Quote of the week

My colleagues and I often care for patients suffering from hallucinations, prophesying, and claiming to speak with God, among other symptoms—in mental health care, it’s sometimes very difficult to tell apart religious belief from mental illness…. Our conclusions frequently stem from the behaviors we see before us. Take an example of a man who walks into an emergency department, mumbling incoherently. He says he’s hearing voices in his head, but insists there’s nothing wrong with him. He hasn’t used any drugs or alcohol. If he were to be evaluated by mental health professionals, there’s a good chance he might be diagnosed with a psychotic disorder like schizophrenia. But what if that same man were deeply religious? What if his incomprehensible language was speaking in tongues?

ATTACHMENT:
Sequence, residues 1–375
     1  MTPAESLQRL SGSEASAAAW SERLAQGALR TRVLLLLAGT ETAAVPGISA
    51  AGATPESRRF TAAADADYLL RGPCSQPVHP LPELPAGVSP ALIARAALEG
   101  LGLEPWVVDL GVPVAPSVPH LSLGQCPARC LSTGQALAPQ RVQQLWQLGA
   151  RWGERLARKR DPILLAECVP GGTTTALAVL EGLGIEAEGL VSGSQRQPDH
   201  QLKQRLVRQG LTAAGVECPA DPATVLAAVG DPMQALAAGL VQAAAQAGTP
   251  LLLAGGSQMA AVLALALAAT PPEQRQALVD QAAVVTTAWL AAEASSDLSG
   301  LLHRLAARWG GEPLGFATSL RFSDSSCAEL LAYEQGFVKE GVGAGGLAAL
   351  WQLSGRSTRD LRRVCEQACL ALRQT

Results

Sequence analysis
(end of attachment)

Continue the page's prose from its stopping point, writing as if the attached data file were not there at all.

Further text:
Nathaniel P.Morris
Scientific American
10 January 2018

The role of MPs

The fact that members of the Assembly assume office through nomination by political parties ought to have a limited influence on how they exercise the institutional power of the Assembly.  Where the interests of the political parties are inconsistent with the Assembly’s objectives, members must exercise the Assembly’s power for the achievement of the Assembly’s objectives.  For example, members may not frustrate the realisation of ensuring a government by the people if its attainment would harm their political party.  If they were to do so, they would be using the institutional power of the Assembly for a purpose other than the one for which the power was conferred.  This would be inconsistent with the Constitution.

SHARE:     
BACK TO TOP
2015 Constitutionally Speaking | website created by Idea in a Forest